based on his growth. (Doc. 86, p. 3, § 7) (Coletta Tr. at 18).
The defendant does not challenge the plaintiffs representation
that he faithfully followed the prescribed treatment and care
for his condition prior to his incarceration.
Berman was incarcerated on May 7, 1990, following a conviction
in the United States District Court for the Eastern District of
Pennsylvania. He eventually arrived at FPC Lewisburg on
September 8, 1993. While incarcerated prior to September of
1993, the plaintiff was allowed to follow his pre-incarceration
care, which included self dilatations at regular intervals, the
use of sufficient numbers of properly sized closed end bags
(7-10 per day)*fn2, and salves and ointments for skin care.
Nevertheless, plaintiff experienced some problems with his
condition prior to Lewisburg, viz., July 3, 1990 — frequent
episodes of stomal bleeding and irritation (Defendant Exhibit
5); December 27, 1990 — little bleeding from ileum (Defendant
Exhibit 10); September 25, 1991 — ileostomy
dysfunction/obstruction (Defendant Exhibits 11 & 12); and April
17, 1992 — pain, stomal irritation, and ileostomy
dysfunction/obstruction (Defendant Exhibit 15).
All of the care products needed by the plaintiff were sent to
Lewisburg from the prior institution. Except for the problems
hereinbefore described, when the plaintiff arrived at Lewisburg
on September 8, 1993, his ileostomy was relatively healthy. It
deteriorated significantly while at Lewisburg and Fort Worth.
The cause of this deterioration would have to be: (a) a natural
consequence of his condition; (b) failure by plaintiff to take
care of himself or take advantage of available treatment; (c)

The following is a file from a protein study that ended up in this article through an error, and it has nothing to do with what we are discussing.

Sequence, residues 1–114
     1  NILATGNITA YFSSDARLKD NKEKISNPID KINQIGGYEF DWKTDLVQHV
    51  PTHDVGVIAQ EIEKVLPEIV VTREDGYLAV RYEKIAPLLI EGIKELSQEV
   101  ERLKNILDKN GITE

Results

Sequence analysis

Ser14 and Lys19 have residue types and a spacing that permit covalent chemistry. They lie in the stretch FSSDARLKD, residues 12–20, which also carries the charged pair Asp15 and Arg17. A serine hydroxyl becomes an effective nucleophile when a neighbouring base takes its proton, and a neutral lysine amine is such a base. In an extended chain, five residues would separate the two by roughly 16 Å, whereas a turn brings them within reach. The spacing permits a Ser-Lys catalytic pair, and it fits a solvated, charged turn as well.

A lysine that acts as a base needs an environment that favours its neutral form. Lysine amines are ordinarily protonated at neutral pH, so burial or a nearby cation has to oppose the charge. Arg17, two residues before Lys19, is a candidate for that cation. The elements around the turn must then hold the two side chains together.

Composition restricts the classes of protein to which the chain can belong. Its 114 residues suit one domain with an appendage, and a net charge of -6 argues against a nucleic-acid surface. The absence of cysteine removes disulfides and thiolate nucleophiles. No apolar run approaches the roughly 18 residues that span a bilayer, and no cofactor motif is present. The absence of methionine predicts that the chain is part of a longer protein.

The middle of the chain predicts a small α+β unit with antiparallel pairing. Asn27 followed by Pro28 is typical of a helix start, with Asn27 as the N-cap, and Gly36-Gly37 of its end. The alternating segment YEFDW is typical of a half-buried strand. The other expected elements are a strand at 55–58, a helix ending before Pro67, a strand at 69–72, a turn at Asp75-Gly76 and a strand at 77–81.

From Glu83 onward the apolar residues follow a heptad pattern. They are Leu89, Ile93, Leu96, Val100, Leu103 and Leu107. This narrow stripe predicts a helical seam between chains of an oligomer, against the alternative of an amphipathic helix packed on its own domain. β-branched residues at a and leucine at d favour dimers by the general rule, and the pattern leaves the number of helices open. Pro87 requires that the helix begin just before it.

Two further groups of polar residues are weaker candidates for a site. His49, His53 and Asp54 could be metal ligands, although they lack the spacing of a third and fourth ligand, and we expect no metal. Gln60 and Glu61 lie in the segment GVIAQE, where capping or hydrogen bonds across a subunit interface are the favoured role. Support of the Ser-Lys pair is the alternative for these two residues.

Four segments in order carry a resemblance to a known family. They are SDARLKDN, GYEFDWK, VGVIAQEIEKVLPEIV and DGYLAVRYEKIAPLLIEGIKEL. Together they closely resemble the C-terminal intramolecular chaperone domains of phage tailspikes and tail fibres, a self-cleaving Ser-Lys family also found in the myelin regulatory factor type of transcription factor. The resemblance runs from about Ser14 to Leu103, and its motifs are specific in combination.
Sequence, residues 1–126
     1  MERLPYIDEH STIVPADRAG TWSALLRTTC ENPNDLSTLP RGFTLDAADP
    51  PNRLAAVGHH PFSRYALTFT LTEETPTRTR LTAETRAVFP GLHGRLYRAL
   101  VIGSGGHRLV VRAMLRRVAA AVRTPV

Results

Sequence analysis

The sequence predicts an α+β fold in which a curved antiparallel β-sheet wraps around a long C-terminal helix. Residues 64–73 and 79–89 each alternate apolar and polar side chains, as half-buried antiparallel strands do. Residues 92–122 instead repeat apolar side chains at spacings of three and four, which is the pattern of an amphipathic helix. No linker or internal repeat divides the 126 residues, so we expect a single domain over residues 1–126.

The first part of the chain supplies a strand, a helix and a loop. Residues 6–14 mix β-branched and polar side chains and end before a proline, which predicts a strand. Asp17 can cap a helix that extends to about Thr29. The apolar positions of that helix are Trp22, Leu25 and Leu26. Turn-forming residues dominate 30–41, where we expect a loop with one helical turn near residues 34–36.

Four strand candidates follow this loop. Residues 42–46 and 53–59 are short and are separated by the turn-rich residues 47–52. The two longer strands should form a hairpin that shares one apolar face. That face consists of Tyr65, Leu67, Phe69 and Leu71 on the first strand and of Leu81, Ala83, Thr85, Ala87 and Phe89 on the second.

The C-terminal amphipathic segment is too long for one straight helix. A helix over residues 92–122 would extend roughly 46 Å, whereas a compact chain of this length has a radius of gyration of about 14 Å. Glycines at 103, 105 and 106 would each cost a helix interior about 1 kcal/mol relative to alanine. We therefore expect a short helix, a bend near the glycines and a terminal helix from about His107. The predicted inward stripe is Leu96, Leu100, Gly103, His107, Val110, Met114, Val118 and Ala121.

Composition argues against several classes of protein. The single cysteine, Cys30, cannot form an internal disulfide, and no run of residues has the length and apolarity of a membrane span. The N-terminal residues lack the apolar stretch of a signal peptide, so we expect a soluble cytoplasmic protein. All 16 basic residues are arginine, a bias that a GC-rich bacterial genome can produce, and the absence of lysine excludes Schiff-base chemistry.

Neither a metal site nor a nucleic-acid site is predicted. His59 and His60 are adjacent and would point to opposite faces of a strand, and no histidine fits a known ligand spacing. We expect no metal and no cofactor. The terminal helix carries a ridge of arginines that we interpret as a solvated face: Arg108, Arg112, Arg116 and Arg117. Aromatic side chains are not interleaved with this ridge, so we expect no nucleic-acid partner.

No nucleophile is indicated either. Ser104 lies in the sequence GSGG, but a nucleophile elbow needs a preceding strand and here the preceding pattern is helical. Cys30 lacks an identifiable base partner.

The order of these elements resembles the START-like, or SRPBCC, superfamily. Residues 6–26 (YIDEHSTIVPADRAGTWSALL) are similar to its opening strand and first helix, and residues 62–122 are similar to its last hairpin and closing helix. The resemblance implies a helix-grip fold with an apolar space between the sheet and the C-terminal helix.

failure of prison officials to provide reasonable care; (d)
improper treatment by outside physicians; or (e) all of the
above in different proportions. Moreover, it must be pointed out
that plaintiff was not a run-of-the-mill prison patient with the
usual complaints — he had a rare condition and, thus, prison
officials should have been more alert to, and concerned with,
the type of treatment he required.
Lewisburg — September 8, 1993 to February 10, 1994
Berman became concerned after his arrival at Lewisburg because
dilatations were not being performed. Although Berman was able
to self dilatate prior to his arrival at Lewisburg, it was not
permitted by Lewisburg officials out of a concern for potential
liability. As a result, within two weeks of the plaintiffs
arrival, Dr. Daniel Romero, staff physician at Lewisburg,
referred Berman to an outside gastroenterologist, Dr. Vladimir
Petorak, on September 22, 1993. (Doc. 84, p. 2, ¶ 7) (Defendant
Exhibit 29). Dr. Petorak recommended weekly dilatations
(Defendant Exhibit 29), which would take place in his office
even though he informed prison officials that Berman was quite
capable of performing them on his own. The first dilatation was
performed by Dr. Petorak on September 24, 1993. (Doc. 84, p. 2
8). Weekly dilatations would continue to take place at Dr.
Petorak's office until February 10, 1994, when Lewisburg
officials, David Combs, Physician's Assistant Roland Williams,
and Prison Physician Dr. Arthur Keiper, advised the ...